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Lightning strikes leave two children without their mother in West Bengal

A tragic lightning strike in West Bengal's Birbhum district claimed the life of Robina Biwi, leaving her husband and sons devastated. The incident reflects a broader pattern of lightning fatalities in the region, exacerbated by climate conditions.

By Wahid Bhat
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Lightning strikes leave two children without their mother in West Bengal
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On June 10th, around 6 PM, a tragedy occurred on the rain-slicked roads of Birbhum district, West Bengal that forever changed the lives of the Samsujjoak family. Shikh Samsujjoak, his wife Robina Biwi and their 13-year-old son set out on their motorbike to visit Samsujjoak's brother, Munshi Muneerul Haq. The family was travelling from Nanoor village in light rain and gusty winds. Their bike crawled along the wet road as the sky grew ominous. 

"We were on the bike when it happened– the lightning struck," Samsujjoak told Ground Report. "I don't know what happened for almost half an hour. When I started feeling better, I saw my son beside me, but my wife was lying a bit far away. She died immediately."

The lightning strike killed Robina instantly, leaving a devastated husband and two young sons.

Lightning strikes killed 12 people in East Burdwan and Bankura districts in West Bengal over two days. The regions experienced intense thunderstorms with multiple lightning flashes during late afternoons. East Burdwan recorded eight fatalities while Bankura reported four. Most casualties occurred as villagers tended to cattle in farmlands or courtyards, unaware of the danger.

Tragic lightning strike changes family's fate

"Right now, it feels like everything has stopped," Samsujjoak said, struggling to cope with the sudden loss. "She was my support, doing everything for our family. I keep thinking about my wife, and how suddenly she was taken from us. One moment we were together enduring the rain, and the next... she was gone."

 Samsujjoak house
House of  Samsujjoak's. 

As the grieving father contemplates the challenges ahead, he faces hurdles in navigating bureaucratic processes for compensation. "I went to the district office," he explained. "They told me to bring documents—a death certificate, a post-mortem report, and other documents. Then I went to the police station, but they said it would take almost a month for the death certificate. I don't know what to do. I don't have enough money to keep travelling from one office to another. Losing my wife wasn't enough; now I have to navigate this paperwork just to get some help."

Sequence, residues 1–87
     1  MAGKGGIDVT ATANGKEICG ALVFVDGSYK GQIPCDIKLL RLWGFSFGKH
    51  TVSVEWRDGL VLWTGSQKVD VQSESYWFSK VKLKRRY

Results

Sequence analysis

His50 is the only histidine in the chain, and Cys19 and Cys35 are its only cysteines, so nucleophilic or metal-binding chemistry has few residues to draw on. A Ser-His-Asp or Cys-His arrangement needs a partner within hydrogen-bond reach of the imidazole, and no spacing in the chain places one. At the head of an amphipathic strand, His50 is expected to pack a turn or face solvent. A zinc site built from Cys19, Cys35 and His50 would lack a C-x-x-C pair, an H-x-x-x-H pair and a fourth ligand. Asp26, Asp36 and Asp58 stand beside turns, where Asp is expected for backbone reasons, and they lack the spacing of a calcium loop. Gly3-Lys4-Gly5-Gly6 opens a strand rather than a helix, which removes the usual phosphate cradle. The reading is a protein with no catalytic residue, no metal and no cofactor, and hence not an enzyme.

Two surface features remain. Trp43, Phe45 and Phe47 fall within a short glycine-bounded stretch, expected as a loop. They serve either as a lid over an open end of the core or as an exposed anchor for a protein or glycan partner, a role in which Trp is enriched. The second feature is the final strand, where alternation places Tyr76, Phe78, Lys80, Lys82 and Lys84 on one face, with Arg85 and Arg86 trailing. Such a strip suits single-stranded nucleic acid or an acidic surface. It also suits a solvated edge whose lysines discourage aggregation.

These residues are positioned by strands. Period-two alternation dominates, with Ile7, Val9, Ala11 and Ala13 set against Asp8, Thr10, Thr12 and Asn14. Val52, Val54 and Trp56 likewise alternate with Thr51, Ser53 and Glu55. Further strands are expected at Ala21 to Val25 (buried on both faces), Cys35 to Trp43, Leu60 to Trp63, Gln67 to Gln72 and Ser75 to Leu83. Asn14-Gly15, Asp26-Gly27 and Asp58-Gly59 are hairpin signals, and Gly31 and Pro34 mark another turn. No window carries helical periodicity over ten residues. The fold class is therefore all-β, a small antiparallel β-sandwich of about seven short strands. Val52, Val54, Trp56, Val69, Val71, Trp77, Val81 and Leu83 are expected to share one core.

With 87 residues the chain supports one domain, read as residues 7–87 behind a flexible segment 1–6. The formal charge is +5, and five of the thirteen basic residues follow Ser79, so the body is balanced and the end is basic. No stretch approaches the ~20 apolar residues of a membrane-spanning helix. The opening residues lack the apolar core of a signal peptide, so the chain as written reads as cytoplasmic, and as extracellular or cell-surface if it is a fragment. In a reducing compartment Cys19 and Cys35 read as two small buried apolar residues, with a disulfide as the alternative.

The Samsujjoak family's tragedy wasn't isolated. The same storm claimed more lives in East Burdwan district, where brothers Bijoy Ghosh (55) and Ajit Ghosh (59) from Kanaidanga village met a similar fate. In the same district, Jillal Molla (62) of Thyangapara village also died from a lightning strike, adding to the death toll.

Lightning deaths in West Bengal

According to a state government report, West Bengal has reported 1,459 lightning deaths from 2018 to July 2023. The statistics show peaks in mortality, with 304 deaths in 2018, 295 in 2020, 265 in 2019, 260 in 2021, and 229 in 2022, highlighting the persistent threat posed by lightning.

H.R. Biswas, head of the weather section at the Regional Meteorological Centre in Calcutta, emphasized the importance of seeking proper shelter during thunderstorms. "Get inside a building and stay indoors till the storm passes, instead of under trees or shacks," he told Ground Report.

West Bengal had the highest number of lightning strikes per square kilometre in India last year, according to the 2020 South Asia Lightning Report. In the Himalayan region of West Bengal, where frequent lightning strikes (100-120 days annually), the risks are pronounced due to cumulonimbus clouds reaching 12-15 kilometres. Thunder and lightning are most likely when cloud temperatures range from 0°C to -40°C, posing hazards for vulnerable communities.

Meteorologists attribute the increased lightning to the dry and hot weather, creating an environment conducive to cumulonimbus cloud formation, thunderstorms, and lightning. When these clouds interact with the moist air from the Bay of Bengal, it produces intense electrical activity.

Ground Report attempted to contact Archana Wankhede, Sub-Divisional Officer (SDO) of Katwa, for comments on the incident, but she did not respond. The story will be updated, as and when she responds. The Mongalkote Police Station also refused to comment.

India sees rise in lightning

Researchers from the Divecha Centre for Climate Change at the Indian Institute of Science (IISc), Bengaluru, noted a 25% increase in lightning events across India from 1998 to 2014, with a significant 34% rise in the last two years. Climate change worsens the situation. Warmer air holds more moisture, leading to more thunderstorms and lightning strikes. A 2021 study predicts a 10–25% increase in lightning frequency and a 15–50% intensity increase in India by the century's end.

Ground Report previously reported on the impact of lightning strikes on nomadic communities in Jammu and Kashmir, highlighting the administration's inaction. Recent tragedies in East Burdwan and Bankura underscore the urgent need for strategies to reduce risks and enhance community preparedness for these deadly natural phenomena.

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